options.TokenValidationParameters = new IdentityModel.Tokens.TokenValidationParameters
        AuthenticationType = "Bearer",

Or go all in and create your custom policy which states that members of the "Developer" group in Azure AD are allowed to auth however they like, while everybody else has to adhere to a specific standard. (On second thought - should we even allow commoners access at all?)

Custom policies are powerful, and deserves to be treated as a separate topic so we´ll skip that part for now too.

If you went ahead and let Visual Studio guide you in creating apps you have something that should work nicely for signing into your Azure AD home tenant. But did you notice that multi-tenant support was not an option in the wizard? Does VS not care about supporting different tenants? To be honest I don´t know why the wizard doesn´t support this. (Full .NET Framework wizards allow it.) Azure AD certainly supports multi-tenancy in the app model so that is not the limitation either.

So, what happens when signing in with a user from a different tenant in the code as it is? An error message will appear:

AADSTS50020: User account '' from identity provider '' does not exist in tenant 'Contoso' and cannot access the application 'app-guid' in that tenant. The account needs to be added as an external user in the tenant first. Sign out and sign in again with a different Azure Active Directory user account.

It´s re-assuring that you cannot just randomly sign in at least :) This indicates that the first step we need to perform is to enable multi-tenancy for the app. (The message is actually a bit ambigious as you might be tempted to think along the lines of Azure AD B2B where you invite users in a semi-multi-tenant way, but we´re looking for "true" multitenancy.) While in the portal find your app in the App registrations list. You will find it listed in Enterprise applications too, but the option to make it multi-tenant isn´t available there.

Let´s see what happens now...hmmm... we get the same error message as before. Is there something more to this multi-tenancy thing?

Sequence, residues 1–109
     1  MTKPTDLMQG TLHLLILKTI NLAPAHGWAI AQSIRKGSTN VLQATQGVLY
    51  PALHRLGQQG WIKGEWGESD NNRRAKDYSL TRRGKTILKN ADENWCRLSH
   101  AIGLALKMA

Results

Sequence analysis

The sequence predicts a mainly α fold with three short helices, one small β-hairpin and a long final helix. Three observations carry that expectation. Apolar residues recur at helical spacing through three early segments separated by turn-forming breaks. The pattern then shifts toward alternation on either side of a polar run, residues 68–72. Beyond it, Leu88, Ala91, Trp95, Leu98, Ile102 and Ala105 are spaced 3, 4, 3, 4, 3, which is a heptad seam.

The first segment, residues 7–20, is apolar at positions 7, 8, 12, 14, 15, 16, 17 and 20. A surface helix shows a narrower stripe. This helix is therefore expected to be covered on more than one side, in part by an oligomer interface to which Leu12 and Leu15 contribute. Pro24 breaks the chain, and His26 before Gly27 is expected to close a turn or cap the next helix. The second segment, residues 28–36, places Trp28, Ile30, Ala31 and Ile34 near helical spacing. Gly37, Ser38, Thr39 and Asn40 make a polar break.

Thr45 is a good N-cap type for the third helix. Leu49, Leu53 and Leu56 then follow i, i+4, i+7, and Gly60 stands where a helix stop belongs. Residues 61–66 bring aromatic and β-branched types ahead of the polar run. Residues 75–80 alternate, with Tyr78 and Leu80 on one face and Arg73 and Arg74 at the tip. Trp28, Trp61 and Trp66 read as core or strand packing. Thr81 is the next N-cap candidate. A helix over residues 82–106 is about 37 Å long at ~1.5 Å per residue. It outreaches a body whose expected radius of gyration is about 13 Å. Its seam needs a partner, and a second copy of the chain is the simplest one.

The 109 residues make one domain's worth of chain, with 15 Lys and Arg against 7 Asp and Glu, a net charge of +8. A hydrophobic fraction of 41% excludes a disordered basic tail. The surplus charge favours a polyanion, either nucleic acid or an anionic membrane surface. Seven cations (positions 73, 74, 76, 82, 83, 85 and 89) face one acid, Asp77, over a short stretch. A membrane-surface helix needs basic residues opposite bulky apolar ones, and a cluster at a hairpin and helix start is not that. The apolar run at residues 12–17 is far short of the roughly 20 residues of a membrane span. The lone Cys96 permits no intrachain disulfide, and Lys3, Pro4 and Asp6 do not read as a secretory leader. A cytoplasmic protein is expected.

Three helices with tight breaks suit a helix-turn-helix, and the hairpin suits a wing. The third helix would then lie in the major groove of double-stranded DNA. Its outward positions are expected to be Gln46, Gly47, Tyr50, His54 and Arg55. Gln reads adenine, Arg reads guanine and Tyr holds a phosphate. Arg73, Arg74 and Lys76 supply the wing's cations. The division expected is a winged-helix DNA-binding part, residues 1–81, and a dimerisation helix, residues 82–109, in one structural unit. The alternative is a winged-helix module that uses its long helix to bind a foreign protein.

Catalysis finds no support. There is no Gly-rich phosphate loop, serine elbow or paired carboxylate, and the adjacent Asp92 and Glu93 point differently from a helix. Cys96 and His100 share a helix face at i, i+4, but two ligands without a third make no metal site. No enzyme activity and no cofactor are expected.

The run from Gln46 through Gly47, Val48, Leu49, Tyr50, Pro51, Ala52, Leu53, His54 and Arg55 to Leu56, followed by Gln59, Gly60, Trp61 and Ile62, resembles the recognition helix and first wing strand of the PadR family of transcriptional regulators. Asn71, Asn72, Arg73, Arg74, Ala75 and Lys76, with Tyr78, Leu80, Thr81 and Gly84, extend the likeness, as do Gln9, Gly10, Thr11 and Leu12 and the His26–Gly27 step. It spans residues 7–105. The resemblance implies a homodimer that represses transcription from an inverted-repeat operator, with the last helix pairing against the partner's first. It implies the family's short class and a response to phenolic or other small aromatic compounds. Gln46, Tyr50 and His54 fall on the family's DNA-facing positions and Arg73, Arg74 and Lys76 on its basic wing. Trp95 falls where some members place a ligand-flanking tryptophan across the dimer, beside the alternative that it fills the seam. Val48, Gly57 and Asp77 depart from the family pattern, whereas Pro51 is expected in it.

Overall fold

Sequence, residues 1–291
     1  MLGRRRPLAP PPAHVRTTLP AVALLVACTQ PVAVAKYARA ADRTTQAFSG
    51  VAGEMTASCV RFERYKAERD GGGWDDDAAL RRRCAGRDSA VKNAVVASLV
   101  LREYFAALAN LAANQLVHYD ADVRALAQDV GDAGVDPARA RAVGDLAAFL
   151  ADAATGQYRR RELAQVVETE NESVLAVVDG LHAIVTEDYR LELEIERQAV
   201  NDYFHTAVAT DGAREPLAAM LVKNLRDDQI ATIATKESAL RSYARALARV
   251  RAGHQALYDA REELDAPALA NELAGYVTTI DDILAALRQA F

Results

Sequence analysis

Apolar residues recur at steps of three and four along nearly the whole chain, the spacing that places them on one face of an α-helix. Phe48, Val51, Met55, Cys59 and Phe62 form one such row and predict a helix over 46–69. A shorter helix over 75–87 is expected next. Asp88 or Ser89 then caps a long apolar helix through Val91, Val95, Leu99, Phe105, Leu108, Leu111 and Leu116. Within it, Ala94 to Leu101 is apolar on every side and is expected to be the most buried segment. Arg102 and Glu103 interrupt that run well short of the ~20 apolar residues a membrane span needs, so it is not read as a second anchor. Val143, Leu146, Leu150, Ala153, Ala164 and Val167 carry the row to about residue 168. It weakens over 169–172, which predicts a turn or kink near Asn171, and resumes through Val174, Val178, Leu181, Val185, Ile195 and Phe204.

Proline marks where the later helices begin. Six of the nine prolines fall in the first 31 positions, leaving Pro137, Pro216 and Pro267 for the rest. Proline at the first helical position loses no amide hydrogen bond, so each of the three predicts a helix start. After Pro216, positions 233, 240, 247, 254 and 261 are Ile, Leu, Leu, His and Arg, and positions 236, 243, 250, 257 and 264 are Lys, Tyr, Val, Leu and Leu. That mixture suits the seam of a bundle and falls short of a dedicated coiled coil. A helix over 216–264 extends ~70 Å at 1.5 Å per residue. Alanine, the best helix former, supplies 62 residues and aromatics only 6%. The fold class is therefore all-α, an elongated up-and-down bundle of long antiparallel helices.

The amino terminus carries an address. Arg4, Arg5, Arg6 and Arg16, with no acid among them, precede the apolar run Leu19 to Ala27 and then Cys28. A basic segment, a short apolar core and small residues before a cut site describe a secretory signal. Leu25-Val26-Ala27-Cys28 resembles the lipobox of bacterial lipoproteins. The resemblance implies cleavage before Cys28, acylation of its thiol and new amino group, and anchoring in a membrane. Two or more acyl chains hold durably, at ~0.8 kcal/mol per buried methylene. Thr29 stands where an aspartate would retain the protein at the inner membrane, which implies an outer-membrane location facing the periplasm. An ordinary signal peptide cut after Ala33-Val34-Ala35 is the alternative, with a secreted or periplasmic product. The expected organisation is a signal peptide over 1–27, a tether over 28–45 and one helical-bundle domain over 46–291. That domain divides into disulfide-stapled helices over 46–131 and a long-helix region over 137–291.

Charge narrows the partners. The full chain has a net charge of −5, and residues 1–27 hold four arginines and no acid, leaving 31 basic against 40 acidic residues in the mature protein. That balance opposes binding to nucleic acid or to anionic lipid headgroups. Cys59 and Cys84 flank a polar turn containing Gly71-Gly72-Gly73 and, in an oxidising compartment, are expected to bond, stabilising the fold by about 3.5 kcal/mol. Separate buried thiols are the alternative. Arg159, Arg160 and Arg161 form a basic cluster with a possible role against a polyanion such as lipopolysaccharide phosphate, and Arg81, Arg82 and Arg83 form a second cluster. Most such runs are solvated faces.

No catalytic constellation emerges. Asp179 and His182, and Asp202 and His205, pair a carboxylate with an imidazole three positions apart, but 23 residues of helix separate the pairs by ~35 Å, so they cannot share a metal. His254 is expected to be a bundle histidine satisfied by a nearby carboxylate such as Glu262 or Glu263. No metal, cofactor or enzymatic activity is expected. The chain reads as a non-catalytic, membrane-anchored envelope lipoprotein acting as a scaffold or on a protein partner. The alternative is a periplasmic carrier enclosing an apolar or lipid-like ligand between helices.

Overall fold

Yes, the default setup is that your app always assumes that the tokens are issued by your own authorization endpoint. But your endpoint can only issue tokens for users it owns. Other tenants will issue tokens for the users they manage. To get around this we need to make a change - we don´t hit other organization´s endpoints specifically; rather we hit the common endpoint. You need to edit applicationsettings.json like this:

"AzureAd": {
    "Instance": "",
    "Domain": "",
    //"TenantId": "tenant-guid-placeholder",
    "TenantId":  "common",
    "ClientId": "client-guid-placeholder",
    "CallbackPath": "/signin-oidc"

What does this change then? Well, when attempting to sign in this time, we first need to grant the app access to our user object, which should work provided you have the necessary rights. But then we´re thrown into a full-blown exception instead:

SecurityTokenInvalidIssuerException: IDX10205: Issuer validation failed. Issuer: ''. Did not match: validationParameters.ValidIssuer: 'null' or validationParameters.ValidIssuers: '{tenantid}/'.

This is interesting though. It seems we have a token, and the app is able to read it to since it refers to a different tenant id. This indicates that Azure AD is happy to do its part, but the token validation in the app is failing instead (and we don´t properly catch exceptions either it seems). We´re no longer failing due to the setup in Azure AD, so nothing to reconfigure in the portal. How to get around this?

There is always the blunt approach - modify the token validation as follows (in AzureAdAuthenticationBuilderExtensions.cs):

public void Configure(string name, OpenIdConnectOptions options)
    options.ClientId = _azureOptions.ClientId;
    options.Authority = $"{_azureOptions.Instance}{_azureOptions.TenantId}";
    options.UseTokenLifetime = true;
    options.CallbackPath = _azureOptions.CallbackPath;
    options.RequireHttpsMetadata = false;
    options.TokenValidationParameters = new IdentityModel.Tokens.TokenValidationParameters
        //Available for everyone!
        ValidateIssuer = false